Cartography and Art (Lecture Notes in Geoinformation and Cartography)
This book is the fruition of work from contributors to the Art and Cartography: Cartography and Art symposium held in Vienna in February 2008. This meeting brought together cartographers who were interested in the design and aesthetics elements of cartography and artists who use maps as the basis for their art or who incorporate place and space in their expressions. The outcome of bringing together these like minds culminated in a wonderful event, spanning three evenings and two days in the Austrian capital. Papers, exhi- tions and installations provided a forum for appreciating the endeavors of artists and cartographers and their representations of geography. As well as indulging in an expansive and expressive occasion attendees were able to re? ect on their own work and discuss similar elements in each other’s work. It also allowed cartographers and artists to discuss the potential for collaboration in future research and development. To recognise the signi? cance of this event, paper authors were invited to further develop their work and contribute chapters to this book. We believe that this book marks both a signi? cant occasion in Vienna and a starting point for future collabo- tive efforts between artists and cartographers. The editors would like to acknowledge the work of Manuela Schmidt and Felix Ortag, who undertook the task of the design and layout of the chapters.
cartographer’s creativity. To me, therefore, it is clear that cartography is primarily a set of transformations of spatial data, and the cartographic process is consequently data-driven. This is clearly evident, in a Toblerian sense, in the geometric transformations which occur when we capture data in the field or we geocode a real world location into a spatial data base. Rules exist to ensure that real space can be transformed into coordinate 26 David Fairbairn space at a reduced scale, and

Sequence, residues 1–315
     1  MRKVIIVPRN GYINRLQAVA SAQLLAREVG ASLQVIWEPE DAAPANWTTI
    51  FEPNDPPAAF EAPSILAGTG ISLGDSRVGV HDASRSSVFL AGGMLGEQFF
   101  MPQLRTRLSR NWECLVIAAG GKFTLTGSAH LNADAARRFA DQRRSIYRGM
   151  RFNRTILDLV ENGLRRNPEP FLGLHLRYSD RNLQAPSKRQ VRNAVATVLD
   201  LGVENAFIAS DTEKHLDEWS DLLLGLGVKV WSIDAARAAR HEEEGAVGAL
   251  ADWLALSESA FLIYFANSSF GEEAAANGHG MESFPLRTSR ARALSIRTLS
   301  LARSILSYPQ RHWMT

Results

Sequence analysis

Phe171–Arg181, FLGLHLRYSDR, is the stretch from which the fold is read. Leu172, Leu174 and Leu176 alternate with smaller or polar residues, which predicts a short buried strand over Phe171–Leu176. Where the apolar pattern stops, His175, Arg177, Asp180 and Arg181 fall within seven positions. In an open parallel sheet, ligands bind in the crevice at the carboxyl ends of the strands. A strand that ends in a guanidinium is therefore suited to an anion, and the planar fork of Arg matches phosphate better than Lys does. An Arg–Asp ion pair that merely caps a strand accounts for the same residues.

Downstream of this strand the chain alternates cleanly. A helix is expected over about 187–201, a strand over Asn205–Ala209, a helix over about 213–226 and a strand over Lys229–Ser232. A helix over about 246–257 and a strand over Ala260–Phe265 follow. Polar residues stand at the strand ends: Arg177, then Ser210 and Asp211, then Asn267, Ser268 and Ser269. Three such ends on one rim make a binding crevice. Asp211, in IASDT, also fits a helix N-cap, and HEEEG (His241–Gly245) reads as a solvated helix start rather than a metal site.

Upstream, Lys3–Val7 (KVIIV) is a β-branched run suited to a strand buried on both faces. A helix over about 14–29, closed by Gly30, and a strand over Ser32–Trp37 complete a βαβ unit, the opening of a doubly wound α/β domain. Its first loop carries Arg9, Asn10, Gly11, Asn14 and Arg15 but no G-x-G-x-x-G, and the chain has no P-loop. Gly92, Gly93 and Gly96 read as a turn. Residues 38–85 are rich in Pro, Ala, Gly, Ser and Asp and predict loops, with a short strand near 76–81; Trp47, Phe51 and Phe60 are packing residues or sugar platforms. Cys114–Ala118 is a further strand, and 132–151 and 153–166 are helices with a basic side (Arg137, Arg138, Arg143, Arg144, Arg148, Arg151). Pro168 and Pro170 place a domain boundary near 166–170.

(Kroeber-Riel 1993). In general communication, even basic level communication like gestures or mimicing, identifies some needs, which make bi-directional transmission of information possible. With these needs the importance of graphical coding can be shown and leads to the abstraction process in the brain, which is relevant for the interpretation and virtual reproduction of space. Linguistic dimensions, by means of technology, biology and culture, enable understanding and further-on interaction
representation of georelief which applied the principle of ‘air perspective’ in representation of mountain relief on orthogonal map are also doubtless. 7.6 Conclusions The fact that a map can provoke kind of reader’s reaction similar to that induced by an artistic works is certain. The map fulfils its cognitional functions by means of signs that are visualised thanks to graphic variables (Bertin 1967) – size, shape, colour, texture, value and orientation. If additional tools of artistic painting
components (diagrams, photos, text, etc.). However, there exist other factors which influence map creation and concrete conditions that force the map creator (or processor) to choose only some map stylistical features out of many that may be presented. 13.2 Map Style-Forming Factors Map style-forming factors can be either objective or subjective. Objective styleforming factors are mainly map theme and composition, map purpose or technical facilities. These are briefly described below. Map theme
template for the well known map Tabula Peutingeriana (Figure 14.4, Austrian National Library, Vienna). The Viennese humanist Conradus Celtis (1459–1508) discovered it in the library of a Benedictine abbey in Tegernsee (Germany) at end of 15th century (1494) and gave it as a gift to his colleague Konrad Peutinger (1465–1547) who collected old maps and manuscripts (Clark and Black 2005). After carefully considering this unique record of the past, it was concluded that the original map was produced